E.M. Forester: 'Only connect.' Weissmann: 'Only nonstop.'

Arnie Weissmann

The epigraph of E.M. Forster’s novel “Howards End” is, simply, “Only connect.”

I wonder if he would have changed his mind had he lived through the summer of 2022.

Forster, of course, was talking about interpersonal relations, but one pandemic change-of-habit that has stuck with me is that I will now pay a bit more — sometimes a bit more than a bit more — to fly nonstop.

I suspect I’m not the only traveler who suffered during our recent summer of aviation dysfunction and who has likewise made that change. And flying out of New York City-area airports, I have the luxury of choice: I can fly nonstop to most destinations, domestic or international.

But not every traveler can, and this week I learned more about what that means not only for travelers but destinations and airports when I moderated the panel “Enhancing Connectivity in the Americas” at the World Travel and Tourism Council Global Summit in Riyadh, Saudi Arabia.

Among the panelists were Anayansy Rodriguez Castillo, the minister of tourism of Guatemala, and William Rodriguez Lopez, the minister of tourism for Costa Rica. Costa Rica is fairly well served by U.S. airlines; in fact, in the Western Hemisphere it is behind only Mexico and Canada in the number of flights landing from U.S. cities. It also has a handful of nonstop flights from European and South American capitals.

But many who travel to that world-renowned ecotourism destination from Europe or South America, and every visitor from Asia, Africa and Australia, must change planes, usually in the U.S., to get there.

Although most of those travelers arrive in the States at New York’s JFK, their onward flights may depart from Newark, more than 30 miles and a couple of bridges or tunnels away. Not a particularly convenient connection.

But at least Costa Rica has multiple nonstop flights from Europe. Guatemala has but one flight from outside the Americas, from Spain.

Also on the panel was James Hogan, former CEO of Etihad Airways and currently executive chairman of Knighthood Global, an international advisory and investment company. He touted the virtues of preclearance in other countries when entering the U.S., and indeed, that experience, which allows international visitors to clear U.S. customs and immigration in the country they’re departing from so that they can arrive as domestic travelers, is a wonderful thing.

(If you ever wondered why preclearance is not offered in Mexico, the largest U.S. inbound source market, it’s because a Mexican law forbids foreign military or police from bearing firearms on Mexican soil, and the U.S. insists that their agents be allowed to carry them.)

Paraphrasing former House speaker Thomas “Tip” O’Neill, Dallas-Fort Worth Airport CEO Sean Donohue told the audience, “Everything’s local.” (O’Neill actually said, “All politics is local.”) And Donohue explained the lengths he goes to in order to ease connections for international visitors.

Some airport procedures are federally mandated and cannot be altered: For instance, the U.S. requires that all incoming passengers with onward flights collect their bags upon arrival and recheck them, an anxiety-inducing practice for anyone with a tight connection.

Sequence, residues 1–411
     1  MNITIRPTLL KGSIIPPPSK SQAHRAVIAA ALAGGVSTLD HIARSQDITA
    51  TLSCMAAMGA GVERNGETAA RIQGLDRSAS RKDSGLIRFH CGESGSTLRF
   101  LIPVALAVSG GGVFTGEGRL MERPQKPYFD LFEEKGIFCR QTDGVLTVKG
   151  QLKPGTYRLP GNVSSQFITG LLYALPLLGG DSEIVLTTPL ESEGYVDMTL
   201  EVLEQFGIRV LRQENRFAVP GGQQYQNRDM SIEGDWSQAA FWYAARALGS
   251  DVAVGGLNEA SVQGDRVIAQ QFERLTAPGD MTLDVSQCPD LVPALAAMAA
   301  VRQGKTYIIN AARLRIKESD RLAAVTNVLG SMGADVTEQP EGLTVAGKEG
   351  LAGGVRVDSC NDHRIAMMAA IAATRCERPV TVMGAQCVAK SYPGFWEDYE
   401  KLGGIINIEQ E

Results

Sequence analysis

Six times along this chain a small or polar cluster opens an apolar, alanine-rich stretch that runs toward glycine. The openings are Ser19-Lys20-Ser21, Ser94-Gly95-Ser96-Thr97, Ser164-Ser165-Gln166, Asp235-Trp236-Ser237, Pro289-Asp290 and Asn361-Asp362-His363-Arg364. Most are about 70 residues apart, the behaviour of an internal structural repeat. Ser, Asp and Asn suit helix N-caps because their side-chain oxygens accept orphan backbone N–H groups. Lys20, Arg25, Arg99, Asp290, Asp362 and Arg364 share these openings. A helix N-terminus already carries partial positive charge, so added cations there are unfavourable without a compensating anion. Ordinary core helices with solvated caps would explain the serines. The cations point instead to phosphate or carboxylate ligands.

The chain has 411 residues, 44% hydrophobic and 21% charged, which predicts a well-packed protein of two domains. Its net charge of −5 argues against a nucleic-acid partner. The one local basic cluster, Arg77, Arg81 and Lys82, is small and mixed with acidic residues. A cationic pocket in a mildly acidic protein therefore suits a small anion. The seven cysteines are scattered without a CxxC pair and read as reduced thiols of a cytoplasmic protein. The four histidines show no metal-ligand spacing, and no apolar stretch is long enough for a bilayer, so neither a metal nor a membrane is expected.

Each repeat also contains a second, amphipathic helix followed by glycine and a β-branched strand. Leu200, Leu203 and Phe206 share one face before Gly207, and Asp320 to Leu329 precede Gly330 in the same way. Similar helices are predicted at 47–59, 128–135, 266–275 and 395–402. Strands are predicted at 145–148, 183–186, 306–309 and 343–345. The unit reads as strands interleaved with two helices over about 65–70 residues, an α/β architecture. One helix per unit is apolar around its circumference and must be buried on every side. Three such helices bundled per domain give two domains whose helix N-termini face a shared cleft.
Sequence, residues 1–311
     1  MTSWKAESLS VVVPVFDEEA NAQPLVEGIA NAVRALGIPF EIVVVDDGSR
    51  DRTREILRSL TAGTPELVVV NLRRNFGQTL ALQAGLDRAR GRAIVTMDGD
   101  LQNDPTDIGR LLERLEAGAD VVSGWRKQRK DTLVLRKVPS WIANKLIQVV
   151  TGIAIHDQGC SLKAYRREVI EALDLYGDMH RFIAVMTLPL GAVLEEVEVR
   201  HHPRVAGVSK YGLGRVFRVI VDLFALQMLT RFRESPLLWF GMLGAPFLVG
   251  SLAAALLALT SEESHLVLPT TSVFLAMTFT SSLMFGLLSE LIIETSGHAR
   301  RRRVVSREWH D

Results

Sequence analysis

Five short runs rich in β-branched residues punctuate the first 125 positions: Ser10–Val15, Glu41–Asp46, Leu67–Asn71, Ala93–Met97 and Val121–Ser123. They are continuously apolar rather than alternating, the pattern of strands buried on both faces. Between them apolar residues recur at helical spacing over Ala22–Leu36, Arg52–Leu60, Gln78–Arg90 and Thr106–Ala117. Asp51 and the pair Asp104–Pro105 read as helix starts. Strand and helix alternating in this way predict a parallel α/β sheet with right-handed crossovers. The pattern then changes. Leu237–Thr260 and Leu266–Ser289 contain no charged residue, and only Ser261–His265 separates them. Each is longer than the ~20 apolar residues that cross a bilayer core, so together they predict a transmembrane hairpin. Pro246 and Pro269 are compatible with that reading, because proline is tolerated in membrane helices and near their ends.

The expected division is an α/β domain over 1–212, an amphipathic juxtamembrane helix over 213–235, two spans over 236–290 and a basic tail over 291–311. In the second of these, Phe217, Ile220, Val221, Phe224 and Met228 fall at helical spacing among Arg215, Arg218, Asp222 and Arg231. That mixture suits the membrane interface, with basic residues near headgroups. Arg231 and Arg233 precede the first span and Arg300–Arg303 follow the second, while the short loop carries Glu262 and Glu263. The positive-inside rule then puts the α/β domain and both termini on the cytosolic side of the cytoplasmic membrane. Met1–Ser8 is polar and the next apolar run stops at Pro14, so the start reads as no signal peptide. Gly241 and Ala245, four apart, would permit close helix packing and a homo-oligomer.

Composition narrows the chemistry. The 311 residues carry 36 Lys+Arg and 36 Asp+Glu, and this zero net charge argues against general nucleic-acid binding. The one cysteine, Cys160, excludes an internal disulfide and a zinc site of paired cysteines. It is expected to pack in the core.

But Donohue makes an E.M. Forster-like effort to connect with both passengers and border control officers, and he works with the latter to keep bottlenecks to a minimum. He will even have DFW pay their overtime if he knows there might otherwise not be enough officers on duty to keep lines from getting long.

It’s an expense that some of his own board disapproves of because they feel it takes pressure off the federal government to provide adequate staffing. But he does it anyway because he wants to keep arriving passengers, whom he views as his customers, happy.

Not all U.S. airport CEOs do this. In fact, DFW has established a positive reputation among international travelers for this very reason, and he said some choose to connect through DFW because it’s regarded as visitor-friendly.

My final question to the panel was what change they would make, policy or infrastructure, if they could. Donohue’s wish was that countries would establish higher levels of trust in each other’s security protocols so that, for instance, transiting passengers would not have to go through another carry-on bag inspection upon arrival at an intermediate airport.

My wish would be that, although “everything is local” works for DFW, many of Donohue’s passenger-friendly procedures were federally mandated: that metrics be established, for instance, for maximum wait times to clear immigration and customs, and that airports and border control officers establish closer working relationships.

I’ve noticed that, in some countries, immigration officers are clearly trained to be a welcoming presence; in my experience when returning to the U.S., it’s hit or miss. (When Jay Rasulo headed Walt Disney Parks and Resorts, he offered hospitality training for TSA officers; the Department of Homeland Security declined the offer. More’s the pity.)

In reality, aviation connectivity would be improved if there were a blending of airports’ and E.M. Forster’s use of the word.

And that it be deployed, nonstop. 

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